Area: 11,488 ha
Biogeographic region: Sand Ridge
Located in the middle of the Danube-Tisza Interfluve, this area is the largest territory of the National Park and has the most diverse topography. Although the surface is mostly covered by pure sand, it is not a flat and tree-less waste but the exact opposite. There are two large dune ranges in Bugac, constituting nearly 70% of the entire area. With respect to geomorphology, it greatly resembles the Fülöpháza and Orgovány Sand Dunes. Wind-blown grooves, dunes and eroded ridges follow each other in densely packed order. The altitudinal difference between ridges and grooves can be as large as 20 m. Highest points have always had important roles in the life of local people, which is reflected in their names, e.g. Messzelátó hegy (’Hill of Farsight’), Lóállás (’Horse Point’), Betyár-állás (’Bandits’ Wathcpoint’) and Pipagyújtó-hegy (Pipe-lighter Hill’). The dune range descends into Bugacpuszta in the northeast, though the surface is not totally flat there either. Due to the aridification of the region, soda lakes have disappeared and the dune slack fens have also dried out.
Dune tops and steep dune slopes are covered by open sand steppe vegetation. Drought-tolerant Juniper-Poplar groves used to inhabit dune slacks but by now they have spread out to other localities as well. This vegetation type is frequently referred to as Ancient Juniper Grove. Wildfires destroyed these magnificent ecosystems near the villages of Bócsa (1,600 ha) and Bugac (1,100 ha) in the last two decades.
The sand quickly heats up at forest edges and in forest glades in early spring, waking up nature from its winter sleep. First flowers include Pulsatilla nigricans, Potentilla arenaria, the tiny-flowered Spring Sandwort and Viola kitaibeliana. The flower cover of the dunes reaches its full potential in May. Three orchid species bloom under the poplar trees of the Ancient Juniper Groves, namely Red Helleborine, an endemic subspecies of Dark-red Helleborine and Epipactis bugacensis, which was discovered only in 1994 and has been found only in the Danube-Tisza Interfluve.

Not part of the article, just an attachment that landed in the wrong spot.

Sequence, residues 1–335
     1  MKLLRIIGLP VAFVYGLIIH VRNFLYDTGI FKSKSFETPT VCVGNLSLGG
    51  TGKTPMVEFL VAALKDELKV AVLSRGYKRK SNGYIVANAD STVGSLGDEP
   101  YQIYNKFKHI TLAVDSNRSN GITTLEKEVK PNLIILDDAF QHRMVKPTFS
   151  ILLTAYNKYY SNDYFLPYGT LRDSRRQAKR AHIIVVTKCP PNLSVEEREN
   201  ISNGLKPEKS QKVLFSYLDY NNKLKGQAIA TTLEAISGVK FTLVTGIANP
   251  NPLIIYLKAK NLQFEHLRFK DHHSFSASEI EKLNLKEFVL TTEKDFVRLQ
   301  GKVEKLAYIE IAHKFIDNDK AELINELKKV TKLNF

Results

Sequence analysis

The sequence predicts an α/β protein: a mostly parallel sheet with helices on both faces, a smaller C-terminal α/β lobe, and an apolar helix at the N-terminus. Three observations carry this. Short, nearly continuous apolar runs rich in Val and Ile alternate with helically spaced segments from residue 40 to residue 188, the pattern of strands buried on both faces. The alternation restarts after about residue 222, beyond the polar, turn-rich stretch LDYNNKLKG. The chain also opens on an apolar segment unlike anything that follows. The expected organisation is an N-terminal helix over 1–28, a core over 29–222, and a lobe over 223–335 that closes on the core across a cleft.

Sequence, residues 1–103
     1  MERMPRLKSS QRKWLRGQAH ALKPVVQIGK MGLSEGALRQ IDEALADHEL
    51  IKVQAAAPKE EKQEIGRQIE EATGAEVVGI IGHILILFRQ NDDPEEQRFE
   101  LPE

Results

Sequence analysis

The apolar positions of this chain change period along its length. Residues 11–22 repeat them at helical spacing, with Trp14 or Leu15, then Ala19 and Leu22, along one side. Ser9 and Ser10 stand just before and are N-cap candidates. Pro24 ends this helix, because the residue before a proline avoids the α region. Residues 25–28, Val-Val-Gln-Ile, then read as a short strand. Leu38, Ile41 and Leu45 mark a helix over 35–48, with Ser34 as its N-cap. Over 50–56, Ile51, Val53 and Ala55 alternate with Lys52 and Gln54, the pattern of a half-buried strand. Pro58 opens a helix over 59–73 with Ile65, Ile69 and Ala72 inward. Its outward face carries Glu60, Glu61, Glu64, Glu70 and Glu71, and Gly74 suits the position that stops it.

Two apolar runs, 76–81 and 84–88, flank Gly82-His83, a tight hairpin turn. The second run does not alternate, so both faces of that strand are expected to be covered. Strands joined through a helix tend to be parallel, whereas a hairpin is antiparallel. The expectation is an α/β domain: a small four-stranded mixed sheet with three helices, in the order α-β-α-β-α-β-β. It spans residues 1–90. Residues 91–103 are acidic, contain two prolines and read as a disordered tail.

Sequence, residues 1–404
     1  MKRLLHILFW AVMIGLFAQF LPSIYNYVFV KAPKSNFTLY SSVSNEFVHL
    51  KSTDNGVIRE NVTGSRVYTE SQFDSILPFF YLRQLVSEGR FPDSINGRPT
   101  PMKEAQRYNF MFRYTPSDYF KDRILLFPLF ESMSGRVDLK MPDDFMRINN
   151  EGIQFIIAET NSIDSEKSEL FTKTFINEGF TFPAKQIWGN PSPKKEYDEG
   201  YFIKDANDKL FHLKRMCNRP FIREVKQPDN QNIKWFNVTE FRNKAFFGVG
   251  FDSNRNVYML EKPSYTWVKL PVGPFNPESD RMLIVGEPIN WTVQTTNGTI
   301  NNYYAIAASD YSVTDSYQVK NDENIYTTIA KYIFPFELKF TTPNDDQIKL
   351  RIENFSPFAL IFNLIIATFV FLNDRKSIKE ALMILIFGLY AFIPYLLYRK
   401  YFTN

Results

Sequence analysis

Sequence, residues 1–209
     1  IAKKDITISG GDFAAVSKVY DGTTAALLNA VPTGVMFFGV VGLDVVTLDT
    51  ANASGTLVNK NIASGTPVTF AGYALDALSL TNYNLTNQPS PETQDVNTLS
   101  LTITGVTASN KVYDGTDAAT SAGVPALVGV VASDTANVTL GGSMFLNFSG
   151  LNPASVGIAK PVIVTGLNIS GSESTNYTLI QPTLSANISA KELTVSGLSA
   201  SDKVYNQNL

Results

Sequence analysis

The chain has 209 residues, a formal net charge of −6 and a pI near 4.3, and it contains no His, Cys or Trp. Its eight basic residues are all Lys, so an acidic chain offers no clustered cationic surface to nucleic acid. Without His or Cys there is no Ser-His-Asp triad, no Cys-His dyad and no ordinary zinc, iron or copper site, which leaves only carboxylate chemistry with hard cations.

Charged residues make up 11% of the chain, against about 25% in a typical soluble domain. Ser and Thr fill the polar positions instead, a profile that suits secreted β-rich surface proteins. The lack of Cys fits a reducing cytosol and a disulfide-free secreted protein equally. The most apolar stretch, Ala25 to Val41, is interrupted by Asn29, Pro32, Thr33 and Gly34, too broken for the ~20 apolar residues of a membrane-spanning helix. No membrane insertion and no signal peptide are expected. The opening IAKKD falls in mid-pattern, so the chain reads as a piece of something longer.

Dyer’s Alkanet and Sprawling Needle Sunrose prefer open sand surfaces, which can also be told about the yellow flowered Sedum hillebrandtii, Onosma arenaria, Dwarf Everlast and Iris arenaria. Sandy habitats are also worth a visit in autumn, as this is the flowering time of the endemic Colchicum arenarium.
One can see hundreds of locusts jumping all around when walking the puszta. A couple of years ago, naturalists of the National Park found a population of Saga pedo in the area. This is a predatory grasshopper, reaching a body length of 10 cm, which qualifies it for the “longest insect of Hungary”. Balkan Wall Lizards and Green Lizards like to sunbathe in sun-lit sites. The loudest inhabitants of the meadows and forests are the birds. Common species include Eurasian Jay, European Blackbird, Woodpigeon, Turtle Dove and European Oriole. The Common Buzzard is getting more and more common; it is usually seen while circling high in the sky. Holes in the trees serve as nesting sites for Starlings, Jackdaws and European Rollers. European Rabbits have become rare but Wild Bore and Roe Deer have increased in number and the Golden Jackal has returned to the area.
According to old maps and the studies on peaty sediments, a stripe of fen habitats lied at the interface of the dune range and the puszta, but the tussock sedge stands have disappeared due to the regional water shortage. The vegetation of the puszta is strikingly different from the vegetation types discussed so far owing to the higher water availability, better soil quality and regular human land use. Ancient Hungarian livestock breeds, which used to be owned by the town of Kecskemét, have been part of the landscape for centuries. Typical animals include Hungarian Grey Cattle, Racka Sheep and the Stud of Bugac. An observant visitor may also notice that the surface cover of vegetation is higher in the puszta than in the dunes. The original vegetation type is assumed to be closed sand steppe. Unfortunately, the former soda lakes of the puszta, which used to provide moist wetland habitat for wildlife, are permanently dry now.
The area of Bugac has also been an important touristic destination for nearly a century. Great experience awaits tourists on the study trails, in the Shepherd Museum and in the local type of restaurants, called "csárda”.